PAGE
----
The Jabiru Experience
Finally, it was time for the three of us to hit the road for a month long road trip in Halen, our new Trakka Jabiru. We’d ordered a two seater, so Daisy McCrazy Dale (the groodle) made herself comfortable on the floor between Kathy and I in a harness. With no fixed itinerary for a month we were heading from Sydney to the Murray River, on route to South Australia’s Kangaroo Island, then the Eyre Peninsula returningvia the Great Ocean Road.
Given the choice of a caravan park or freedom–camping, it’s a free camp every time for us. Plus travelling with Daisy meant no National Park campgrounds, so our Jabiru is customised for our type of travel. The beautiful Murray River abounds with free camp sites, and the month of May meant the diesel heater inside or log fires outside kept us immune from the pre-winter coldness.
Travelling the open road in the Mercedes Sprinter powered by a 3.0 litre V6 is very much like travelling in a car, which is no small feat given it is seven metres long and nearly three metres tall. Surprisingly we were only using about eleven litres of diesel per one kilometre, which is pretty amazing when you consider the Jabiru is over four tonnes.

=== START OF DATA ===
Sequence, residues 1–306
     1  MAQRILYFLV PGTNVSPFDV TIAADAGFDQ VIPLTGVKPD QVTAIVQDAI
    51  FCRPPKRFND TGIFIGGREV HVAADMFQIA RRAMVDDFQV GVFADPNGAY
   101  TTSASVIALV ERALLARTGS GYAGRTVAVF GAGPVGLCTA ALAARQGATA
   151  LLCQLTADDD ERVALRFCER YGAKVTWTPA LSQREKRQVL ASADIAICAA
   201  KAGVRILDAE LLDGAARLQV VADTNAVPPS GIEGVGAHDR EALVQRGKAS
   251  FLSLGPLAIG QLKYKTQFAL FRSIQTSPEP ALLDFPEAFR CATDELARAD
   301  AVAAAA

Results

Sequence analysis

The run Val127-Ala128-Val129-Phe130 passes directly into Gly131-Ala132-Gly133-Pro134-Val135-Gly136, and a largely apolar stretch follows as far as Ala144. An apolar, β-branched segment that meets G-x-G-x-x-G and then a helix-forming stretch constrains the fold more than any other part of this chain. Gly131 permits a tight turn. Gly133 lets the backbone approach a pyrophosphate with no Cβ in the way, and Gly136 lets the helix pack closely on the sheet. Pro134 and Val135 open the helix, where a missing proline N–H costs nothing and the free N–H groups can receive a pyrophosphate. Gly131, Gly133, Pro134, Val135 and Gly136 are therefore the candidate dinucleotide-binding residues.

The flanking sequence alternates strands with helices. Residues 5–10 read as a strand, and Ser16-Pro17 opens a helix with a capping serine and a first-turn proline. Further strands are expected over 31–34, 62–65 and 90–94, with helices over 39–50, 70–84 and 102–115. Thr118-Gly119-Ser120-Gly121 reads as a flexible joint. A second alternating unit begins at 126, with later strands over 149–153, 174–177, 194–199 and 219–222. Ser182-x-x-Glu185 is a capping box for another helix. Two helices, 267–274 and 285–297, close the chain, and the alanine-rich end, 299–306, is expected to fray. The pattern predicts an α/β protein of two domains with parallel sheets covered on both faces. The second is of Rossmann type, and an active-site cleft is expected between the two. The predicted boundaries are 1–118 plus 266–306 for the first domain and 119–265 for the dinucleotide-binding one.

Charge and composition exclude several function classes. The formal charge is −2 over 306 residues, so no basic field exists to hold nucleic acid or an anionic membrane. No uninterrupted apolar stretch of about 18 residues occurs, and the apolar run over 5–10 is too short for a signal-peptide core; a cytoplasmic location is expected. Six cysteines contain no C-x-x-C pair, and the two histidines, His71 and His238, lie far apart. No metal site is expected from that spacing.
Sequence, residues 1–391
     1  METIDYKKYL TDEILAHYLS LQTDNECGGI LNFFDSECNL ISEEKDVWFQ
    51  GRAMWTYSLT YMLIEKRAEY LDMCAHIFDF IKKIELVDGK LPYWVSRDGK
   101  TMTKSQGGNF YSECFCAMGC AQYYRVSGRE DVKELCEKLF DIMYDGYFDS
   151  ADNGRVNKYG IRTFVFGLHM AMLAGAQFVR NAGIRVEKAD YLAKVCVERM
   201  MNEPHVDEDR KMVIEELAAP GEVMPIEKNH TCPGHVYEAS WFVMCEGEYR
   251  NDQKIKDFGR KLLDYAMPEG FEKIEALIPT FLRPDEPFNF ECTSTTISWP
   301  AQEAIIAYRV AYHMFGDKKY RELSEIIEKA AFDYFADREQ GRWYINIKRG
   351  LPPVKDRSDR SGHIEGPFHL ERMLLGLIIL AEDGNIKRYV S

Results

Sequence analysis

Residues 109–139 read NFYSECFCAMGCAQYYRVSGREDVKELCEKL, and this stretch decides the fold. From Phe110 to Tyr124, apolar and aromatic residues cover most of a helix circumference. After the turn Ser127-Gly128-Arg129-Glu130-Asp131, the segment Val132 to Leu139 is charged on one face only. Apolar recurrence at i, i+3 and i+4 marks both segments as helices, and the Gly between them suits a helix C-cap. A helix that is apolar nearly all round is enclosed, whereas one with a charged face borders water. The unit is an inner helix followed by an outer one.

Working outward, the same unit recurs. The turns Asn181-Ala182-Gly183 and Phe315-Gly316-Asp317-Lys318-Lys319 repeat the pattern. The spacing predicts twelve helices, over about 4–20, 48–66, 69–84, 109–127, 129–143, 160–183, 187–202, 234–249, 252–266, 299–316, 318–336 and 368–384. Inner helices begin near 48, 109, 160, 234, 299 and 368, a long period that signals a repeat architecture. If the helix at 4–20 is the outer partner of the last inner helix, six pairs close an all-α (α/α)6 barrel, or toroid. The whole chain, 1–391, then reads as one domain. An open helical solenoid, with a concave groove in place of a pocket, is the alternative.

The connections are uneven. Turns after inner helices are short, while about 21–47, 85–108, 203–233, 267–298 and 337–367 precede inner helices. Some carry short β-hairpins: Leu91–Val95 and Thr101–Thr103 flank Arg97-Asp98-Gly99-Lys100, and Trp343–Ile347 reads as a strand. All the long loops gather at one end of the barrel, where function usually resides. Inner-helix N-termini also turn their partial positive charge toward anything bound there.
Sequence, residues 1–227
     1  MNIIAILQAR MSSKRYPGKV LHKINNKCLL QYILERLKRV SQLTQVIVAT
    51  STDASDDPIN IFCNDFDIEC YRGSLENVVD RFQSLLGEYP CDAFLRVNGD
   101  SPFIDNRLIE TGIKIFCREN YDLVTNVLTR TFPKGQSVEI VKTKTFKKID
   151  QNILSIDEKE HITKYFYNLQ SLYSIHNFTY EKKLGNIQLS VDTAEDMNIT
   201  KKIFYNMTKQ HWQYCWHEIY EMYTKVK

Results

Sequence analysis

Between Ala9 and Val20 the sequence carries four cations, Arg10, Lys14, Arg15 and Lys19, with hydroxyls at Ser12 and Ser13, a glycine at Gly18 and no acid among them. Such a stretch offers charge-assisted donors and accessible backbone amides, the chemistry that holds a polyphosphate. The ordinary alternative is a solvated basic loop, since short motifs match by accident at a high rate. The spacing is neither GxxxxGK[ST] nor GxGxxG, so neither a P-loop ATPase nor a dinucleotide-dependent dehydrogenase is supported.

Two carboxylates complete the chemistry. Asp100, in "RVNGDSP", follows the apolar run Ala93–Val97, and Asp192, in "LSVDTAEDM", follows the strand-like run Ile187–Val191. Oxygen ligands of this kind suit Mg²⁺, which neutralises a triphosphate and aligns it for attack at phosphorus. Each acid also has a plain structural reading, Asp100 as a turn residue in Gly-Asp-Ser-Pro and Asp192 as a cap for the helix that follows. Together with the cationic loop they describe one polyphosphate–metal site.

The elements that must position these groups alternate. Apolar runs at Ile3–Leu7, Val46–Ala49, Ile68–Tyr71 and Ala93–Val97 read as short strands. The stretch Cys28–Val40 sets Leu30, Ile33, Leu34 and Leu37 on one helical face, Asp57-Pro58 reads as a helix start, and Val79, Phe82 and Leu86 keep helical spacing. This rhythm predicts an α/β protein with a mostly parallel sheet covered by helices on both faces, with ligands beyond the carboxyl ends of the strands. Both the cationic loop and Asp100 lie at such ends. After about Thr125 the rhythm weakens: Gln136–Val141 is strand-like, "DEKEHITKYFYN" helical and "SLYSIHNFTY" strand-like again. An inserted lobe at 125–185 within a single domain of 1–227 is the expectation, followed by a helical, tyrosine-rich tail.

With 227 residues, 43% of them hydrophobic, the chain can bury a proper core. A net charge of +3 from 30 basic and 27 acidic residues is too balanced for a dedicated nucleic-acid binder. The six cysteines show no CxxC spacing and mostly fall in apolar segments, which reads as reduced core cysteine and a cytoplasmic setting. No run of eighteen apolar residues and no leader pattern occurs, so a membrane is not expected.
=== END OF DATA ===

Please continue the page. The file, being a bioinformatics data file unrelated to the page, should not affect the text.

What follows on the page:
Each day we visited old river towns looking for history, went for long walks and enjoyed the beauty of the Murray. The river was low on water, but it was hauntingly beautiful. Fully, self-contained we didn’t stay long in town, seeking some solitude and the quiet you don’t find in Sydney. Why would you travel any other way? No motel can offer this scenery, no tent offers this level of comfort, and no restaurant cooks a leg of lamb roast dinner slowly while you watch the sun go down with a mandatory afternoon drink in hand.